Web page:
The Expo, held at St. John’s University and St. Francis College in September, gave prospective parents and students the chance to learn about all 18 Catholic high schools in the Diocese of Brooklyn. The website featured interactive graphics, video testimonials from alumni, and online ticketing.

DeSales also ran organic social promotions and ad campaigns on Facebook, Instagram, YouTube, and Google to raise awareness of the open houses and drive sign-ups through the website.

Go to

Find Peace Through Forgiveness on Reconciliation Monday

Posted on Nov 27, 2018 in DeSales Blog, Press Room | No Comments
Find Peace Through Forgiveness on Reconciliation Monday

Bishop Nicholas DiMarzio, in partnership with Cardinal Timothy Dolan of the Archdiocese of New York, has reserved Monday, Dec. 17, 2018, for Reconciliation Monday.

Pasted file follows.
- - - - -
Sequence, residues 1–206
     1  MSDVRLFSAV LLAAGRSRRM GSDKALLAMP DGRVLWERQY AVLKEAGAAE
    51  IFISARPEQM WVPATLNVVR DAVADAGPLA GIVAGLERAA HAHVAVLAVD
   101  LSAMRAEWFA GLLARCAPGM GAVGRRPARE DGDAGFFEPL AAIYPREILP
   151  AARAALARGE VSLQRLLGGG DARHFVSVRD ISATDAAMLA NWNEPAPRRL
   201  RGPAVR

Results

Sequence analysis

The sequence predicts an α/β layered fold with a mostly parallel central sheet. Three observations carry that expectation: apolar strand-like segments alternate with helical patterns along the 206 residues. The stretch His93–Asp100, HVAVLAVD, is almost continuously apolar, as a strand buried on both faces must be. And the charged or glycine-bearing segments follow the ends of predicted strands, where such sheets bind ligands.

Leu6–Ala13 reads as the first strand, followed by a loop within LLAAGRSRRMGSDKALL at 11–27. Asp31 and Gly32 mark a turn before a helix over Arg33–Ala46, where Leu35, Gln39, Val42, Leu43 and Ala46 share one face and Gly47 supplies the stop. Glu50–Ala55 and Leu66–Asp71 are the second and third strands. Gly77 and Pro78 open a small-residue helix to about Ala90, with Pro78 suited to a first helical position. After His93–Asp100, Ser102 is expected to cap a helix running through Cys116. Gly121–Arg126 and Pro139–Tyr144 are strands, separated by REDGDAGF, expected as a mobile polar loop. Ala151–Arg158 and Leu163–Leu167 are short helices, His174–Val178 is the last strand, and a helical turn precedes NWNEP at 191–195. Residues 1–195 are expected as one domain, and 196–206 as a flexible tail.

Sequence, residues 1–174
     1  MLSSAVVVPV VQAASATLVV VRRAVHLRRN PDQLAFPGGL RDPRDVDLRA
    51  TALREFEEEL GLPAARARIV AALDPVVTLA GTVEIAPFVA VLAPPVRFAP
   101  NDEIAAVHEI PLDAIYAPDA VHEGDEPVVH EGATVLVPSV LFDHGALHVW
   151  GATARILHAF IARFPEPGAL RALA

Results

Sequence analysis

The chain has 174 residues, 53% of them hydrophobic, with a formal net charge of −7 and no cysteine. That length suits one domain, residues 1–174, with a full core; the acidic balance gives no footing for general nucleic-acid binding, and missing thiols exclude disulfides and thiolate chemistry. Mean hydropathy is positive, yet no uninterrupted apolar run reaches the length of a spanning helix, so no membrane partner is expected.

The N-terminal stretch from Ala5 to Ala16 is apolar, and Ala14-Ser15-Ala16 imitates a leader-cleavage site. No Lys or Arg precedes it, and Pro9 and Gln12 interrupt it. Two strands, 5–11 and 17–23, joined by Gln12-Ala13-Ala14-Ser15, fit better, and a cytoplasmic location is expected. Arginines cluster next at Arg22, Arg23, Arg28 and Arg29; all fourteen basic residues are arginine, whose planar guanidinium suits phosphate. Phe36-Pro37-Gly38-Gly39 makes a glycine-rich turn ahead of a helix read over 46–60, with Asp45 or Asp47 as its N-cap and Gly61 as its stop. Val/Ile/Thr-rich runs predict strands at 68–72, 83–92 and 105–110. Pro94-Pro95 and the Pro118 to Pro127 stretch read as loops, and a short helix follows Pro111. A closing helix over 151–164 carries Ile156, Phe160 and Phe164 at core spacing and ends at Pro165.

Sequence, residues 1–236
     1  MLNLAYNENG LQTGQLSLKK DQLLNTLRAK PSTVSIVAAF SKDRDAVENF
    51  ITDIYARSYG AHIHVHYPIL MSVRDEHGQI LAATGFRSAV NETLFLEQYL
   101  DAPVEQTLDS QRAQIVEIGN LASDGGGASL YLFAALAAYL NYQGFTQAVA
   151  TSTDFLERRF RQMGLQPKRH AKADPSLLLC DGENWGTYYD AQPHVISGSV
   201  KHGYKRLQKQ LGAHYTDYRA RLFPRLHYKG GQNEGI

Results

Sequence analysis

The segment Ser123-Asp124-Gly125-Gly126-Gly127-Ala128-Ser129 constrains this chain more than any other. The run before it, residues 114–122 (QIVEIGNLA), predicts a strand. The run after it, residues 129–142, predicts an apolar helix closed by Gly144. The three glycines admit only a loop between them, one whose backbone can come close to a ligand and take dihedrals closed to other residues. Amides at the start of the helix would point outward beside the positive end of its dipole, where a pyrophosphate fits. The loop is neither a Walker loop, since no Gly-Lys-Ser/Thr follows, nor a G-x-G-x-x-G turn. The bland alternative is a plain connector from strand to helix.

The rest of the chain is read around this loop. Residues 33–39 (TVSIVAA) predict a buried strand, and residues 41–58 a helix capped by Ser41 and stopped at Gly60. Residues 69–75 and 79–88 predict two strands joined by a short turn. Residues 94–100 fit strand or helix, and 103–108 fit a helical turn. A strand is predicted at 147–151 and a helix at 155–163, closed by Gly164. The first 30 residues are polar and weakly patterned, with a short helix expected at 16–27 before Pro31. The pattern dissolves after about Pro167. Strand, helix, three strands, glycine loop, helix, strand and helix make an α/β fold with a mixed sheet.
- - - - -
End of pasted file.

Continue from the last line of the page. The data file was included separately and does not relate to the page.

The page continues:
All parishes in the Diocese of Brooklyn and the Archdiocese of New York will have priests available to hear confessions from 4-8 p.m. on this special day.

Use our Parish Locator to find a parish near you in Brooklyn or Queens. For the Archdiocese of New York, you can search here.

“The sacrament of reconciliation is a sacrament of healing. When I go to confession, it’s for healing: healing the soul, healing the heart because of something that I did to make it unwell. Every time we go to confession, God embraces us.”
– Pope Francis

3 Ways Tech Can Brighten the Future of the Church

Posted on Aug 28, 2018 in DeSales Blog | No Comments

By Dave Plisky

DeSales Media was given the opportunity to host a panel at the Napa Institute’s 2018 flagship conference in Napa, California.

Watch the panel

Each year, hundreds of the world’s Catholic lay leadership, clergy, religious and deacons make their way to the wine capital of the US for inspiration, information, and dialogue, all deeply invested in the future of the church. They go to be spiritually enriched: apart from the excellent formal programming, there are over 100 Masses celebrated in less than a week. They go to learn what others are doing to help the Church blossom across ministries and regions. And they go to speak to one another about the future of the church and what the next steps should be. After all, in vino veritas (in wine there is truth).